LIBERIA: Third Batch of Women trained in the Production of Eco-Stoves

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Green Gold Liberia with support from UNDP Liberia in partnership with the Environment Protection Agency (EPA) graduated 46 women from Bong, Margibi, and Grand Bassa counties following the completion of its 3rd cycle of the Eco stove production training.
The training is important for the successful implementation of Liberia’s Nationally Determined Contributions (NDC) and the focus of the training on women is very strategic. Liberia’s NDC has a target to produce 300,000 (three hundred thousand) eco-stoves or energy-efficient cook-stoves by 2030.
The use of energy-efficient cook stoves which has the potential to reduce the demand for charcoal and firewood will significantly help to halt and reverse the degradation of Liberia’s ecosystems.
Speaking at the graduation program, UNDP Liberia Resident Representative a.i. Louis Kuukpen reiterated that eco-stoves or energy-efficient cook stoves are very important for environmental management, curbing deforestation, as well as promoting safety and good health in the kitchen where women dominate.
Kuukpen noted that the use of cookstoves reduces the quantity of wood and or charcoal used for cooking and heating, allowing for a safe cooking environment, promoting good health in the kitchen with less carbon emission, reducing smoke and impacts on eyes and lungs as well as safe time and money.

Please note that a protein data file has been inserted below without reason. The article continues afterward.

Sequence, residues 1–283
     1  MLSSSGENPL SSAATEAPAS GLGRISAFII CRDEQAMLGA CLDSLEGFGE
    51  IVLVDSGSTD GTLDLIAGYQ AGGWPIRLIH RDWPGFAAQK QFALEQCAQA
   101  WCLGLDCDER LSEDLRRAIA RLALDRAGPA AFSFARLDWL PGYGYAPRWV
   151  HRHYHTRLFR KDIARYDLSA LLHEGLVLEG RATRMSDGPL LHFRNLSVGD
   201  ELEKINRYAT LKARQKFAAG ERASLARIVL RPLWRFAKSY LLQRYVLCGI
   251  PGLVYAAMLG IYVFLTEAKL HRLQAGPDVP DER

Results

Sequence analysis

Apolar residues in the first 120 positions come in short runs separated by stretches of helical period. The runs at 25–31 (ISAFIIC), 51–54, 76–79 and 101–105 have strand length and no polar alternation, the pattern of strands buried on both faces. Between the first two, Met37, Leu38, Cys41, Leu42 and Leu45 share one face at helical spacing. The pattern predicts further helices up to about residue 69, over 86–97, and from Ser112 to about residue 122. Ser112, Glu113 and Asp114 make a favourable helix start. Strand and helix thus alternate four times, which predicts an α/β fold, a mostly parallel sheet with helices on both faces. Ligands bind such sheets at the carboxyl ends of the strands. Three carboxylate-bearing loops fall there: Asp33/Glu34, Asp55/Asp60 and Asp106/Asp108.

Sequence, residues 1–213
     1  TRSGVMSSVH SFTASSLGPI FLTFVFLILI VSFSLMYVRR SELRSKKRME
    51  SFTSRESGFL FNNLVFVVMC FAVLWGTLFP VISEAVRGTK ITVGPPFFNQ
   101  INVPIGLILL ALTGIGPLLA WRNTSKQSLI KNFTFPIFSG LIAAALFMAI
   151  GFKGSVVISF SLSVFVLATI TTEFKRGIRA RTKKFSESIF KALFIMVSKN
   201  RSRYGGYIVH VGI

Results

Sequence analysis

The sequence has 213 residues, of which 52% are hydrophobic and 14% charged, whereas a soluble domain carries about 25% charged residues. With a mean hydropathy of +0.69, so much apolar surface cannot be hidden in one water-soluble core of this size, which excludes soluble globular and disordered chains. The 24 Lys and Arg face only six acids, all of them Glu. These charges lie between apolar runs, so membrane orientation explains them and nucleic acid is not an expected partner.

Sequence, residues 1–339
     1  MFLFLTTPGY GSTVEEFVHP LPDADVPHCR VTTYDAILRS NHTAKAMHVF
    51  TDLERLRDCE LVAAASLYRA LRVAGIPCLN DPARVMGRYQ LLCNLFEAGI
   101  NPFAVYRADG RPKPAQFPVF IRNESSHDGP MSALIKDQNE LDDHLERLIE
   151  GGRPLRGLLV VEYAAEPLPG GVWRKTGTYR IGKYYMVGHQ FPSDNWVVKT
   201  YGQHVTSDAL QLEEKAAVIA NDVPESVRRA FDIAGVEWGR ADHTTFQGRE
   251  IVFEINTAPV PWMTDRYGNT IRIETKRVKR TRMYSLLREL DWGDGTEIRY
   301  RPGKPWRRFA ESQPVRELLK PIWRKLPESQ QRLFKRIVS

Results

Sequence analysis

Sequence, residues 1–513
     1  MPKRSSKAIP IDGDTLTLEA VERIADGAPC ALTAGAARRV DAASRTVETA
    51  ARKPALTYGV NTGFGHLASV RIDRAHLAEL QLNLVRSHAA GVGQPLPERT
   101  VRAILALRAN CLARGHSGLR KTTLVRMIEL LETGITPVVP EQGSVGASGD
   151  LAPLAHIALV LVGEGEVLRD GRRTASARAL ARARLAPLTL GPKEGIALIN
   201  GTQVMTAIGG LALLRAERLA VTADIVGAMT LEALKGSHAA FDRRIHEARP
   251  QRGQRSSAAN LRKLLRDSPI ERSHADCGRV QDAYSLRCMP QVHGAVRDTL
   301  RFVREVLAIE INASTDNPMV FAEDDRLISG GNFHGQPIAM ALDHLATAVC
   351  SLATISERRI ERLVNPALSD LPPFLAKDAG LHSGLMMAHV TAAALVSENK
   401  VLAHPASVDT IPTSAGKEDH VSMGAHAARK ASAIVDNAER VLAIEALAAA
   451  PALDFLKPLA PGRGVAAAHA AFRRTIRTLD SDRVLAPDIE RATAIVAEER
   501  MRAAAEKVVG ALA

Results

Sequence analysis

“We all depend on healthy ecosystems for our survival. This means a sustainable interaction between living organisms – plants, animals, and people – with their surroundings. This includes nature, but also human-made systems such as cities or farms,” he added.
The UNDP Liberia Acting Resident Representative reminded the graduates that as ambassadors of a green environment, they are not just producing and selling energy-efficient stoves for livelihoods but see themselves as playing a very important role in Liberia’s conservation efforts.
“As our survivals depend on healthy ecosystems, we all need to partake in the ecosystem restoration drive. One of the ways is what you have been trained to do. If you do it well, you will be significantly contributing to the achievement of Liberia’s NDC target of producing 300,000 cookstoves and reducing deforestation,” Kuukpen stressed.
The Guest Speaker John F. Kannah of the Environment Protection Agency (EPA) mentioned that women play a pivotal role in combatting the adverse effects of deforestation on Liberia’s ecosystem. Kannah said relying on traditional methods of cooking poses serious risks to women’s health and well-being.
He urged the graduates to use the training to inspire others to reduce pollution and to see themselves as agents of change and torchbearers helping Liberia to fulfill its NDCs goals and commitments.
“You are a powerful group of change-makers and the epitome of resilience. The collective efforts to support and empower each other by transferring knowledge from the training will greatly help Liberia in its journey towards achieving clean energy,” the EPA NDC Coordinator said.
The women were trained to produce 10 eco-stoves each in the period of 8 weeks totaling 460 eco-stoves.
Each trainee takes home 5 eco-stoves as a start-up SME kit and is grouped into fives as a cooperative to start their small business.
Since the start of the training in 2021, a total of hundred and eleven (111) women from 7 counties have been trained over a period of 3 years to produce over one thousand (1,110) eco stoves.
Twenty pieces of cookstoves were given to People with Disabilities (PWDs).

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